By Steve Outing
Lately, NYU journalism professor and Pressthink blogger Jay Rosen has been urging his Twitter followers (more than 1,600 of them) to point out examples of reporters “growing a spine” when it comes to pointing out and documenting untruths by the McCain presidential campaign.
He’s asking Twitter users to include #spinewatch in their tweets along with links to such coverage. Here are a couple examples of such stories from Rosen: McCain on the spot as Palin defends earmarks requests – Wheels come off Straight Talk Express?
Lots of journalists follow Rosen, and if those people take his advice, their Twitter followers will see their #spinewatch posts, too. The meme will spread.
Do you think this could have an impact? Could it actually influence reporters to tread less lightly on campaign lies and aggressively report them?
Absolutely, I believe it can.
Online social communities built around niches can be quite effective in forcing changes. While Twitter isn’t a niche social service, the networks that build up around individuals tend to be niches; ergo, Rosen’s followers includes hundreds of reporters, editors, academics, and the media “elite.” When that group gets to talking amongst themselves about important issues, social change within the group is possible.
This power of niche online communities was first demonstrated to me 17 years ago (or thereabouts), when I was graphics editor at the San Francisco Chronicle. I used Compuserve, the old proprietary online service, and there was a “forum” on it just for newspaper graphics folks. it’s so long ago that I can’t remember the specific issue, but I was annoyed by a policy of the Associated Press graphics department, which fed us syndicated infographics. I griped about it and a discussion with my co-horts around the U.S. ensued, with others sharing my complaint.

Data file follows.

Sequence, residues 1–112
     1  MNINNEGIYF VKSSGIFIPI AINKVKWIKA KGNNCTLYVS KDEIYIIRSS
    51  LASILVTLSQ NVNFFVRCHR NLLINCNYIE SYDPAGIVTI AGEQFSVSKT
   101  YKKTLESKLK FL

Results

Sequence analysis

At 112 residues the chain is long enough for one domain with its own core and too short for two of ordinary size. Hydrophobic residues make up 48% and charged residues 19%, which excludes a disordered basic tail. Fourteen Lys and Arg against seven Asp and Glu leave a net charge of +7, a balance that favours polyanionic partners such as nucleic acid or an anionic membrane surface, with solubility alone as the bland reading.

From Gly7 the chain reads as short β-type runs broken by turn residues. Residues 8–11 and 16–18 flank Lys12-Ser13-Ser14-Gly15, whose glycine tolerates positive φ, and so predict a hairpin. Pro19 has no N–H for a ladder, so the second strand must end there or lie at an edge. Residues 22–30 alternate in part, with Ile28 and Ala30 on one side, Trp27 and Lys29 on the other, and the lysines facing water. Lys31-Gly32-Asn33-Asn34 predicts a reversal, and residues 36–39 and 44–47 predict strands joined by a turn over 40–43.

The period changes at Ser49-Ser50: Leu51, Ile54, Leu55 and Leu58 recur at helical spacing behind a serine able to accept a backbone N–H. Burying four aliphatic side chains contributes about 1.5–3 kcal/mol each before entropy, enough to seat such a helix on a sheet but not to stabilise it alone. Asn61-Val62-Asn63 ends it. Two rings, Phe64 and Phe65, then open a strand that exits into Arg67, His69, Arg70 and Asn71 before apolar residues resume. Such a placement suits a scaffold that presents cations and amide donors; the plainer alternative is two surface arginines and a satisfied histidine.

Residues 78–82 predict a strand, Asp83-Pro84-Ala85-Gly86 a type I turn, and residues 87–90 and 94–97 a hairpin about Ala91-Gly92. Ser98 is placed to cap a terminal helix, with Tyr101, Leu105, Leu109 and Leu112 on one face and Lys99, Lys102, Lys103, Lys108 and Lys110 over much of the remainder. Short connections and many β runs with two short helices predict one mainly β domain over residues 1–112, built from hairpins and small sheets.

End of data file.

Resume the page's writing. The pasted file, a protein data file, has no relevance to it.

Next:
It wasn’t long before the director of AP Graphics chimed in and agreed to change the policy, based on our online group gripe session.
That was my introduction to the power of online community. I think that it can be demonstrated here on a much larger issue with Rosen’s #spinewatch initiative.
And it looks like I’m not the only one who thinks so…
(Addendum: Hmmm. I’m already thinking I may have to reconsider my optimism for this specific attempt at using social media for influence. It may still work, but already some folks with Twitter accounts who take issue with the goal of #spinewatch are starting to use the tag to post disinformation and disrupt the intent of the effort. You might call these people political spammers, since they invade channels with unwanted information.)
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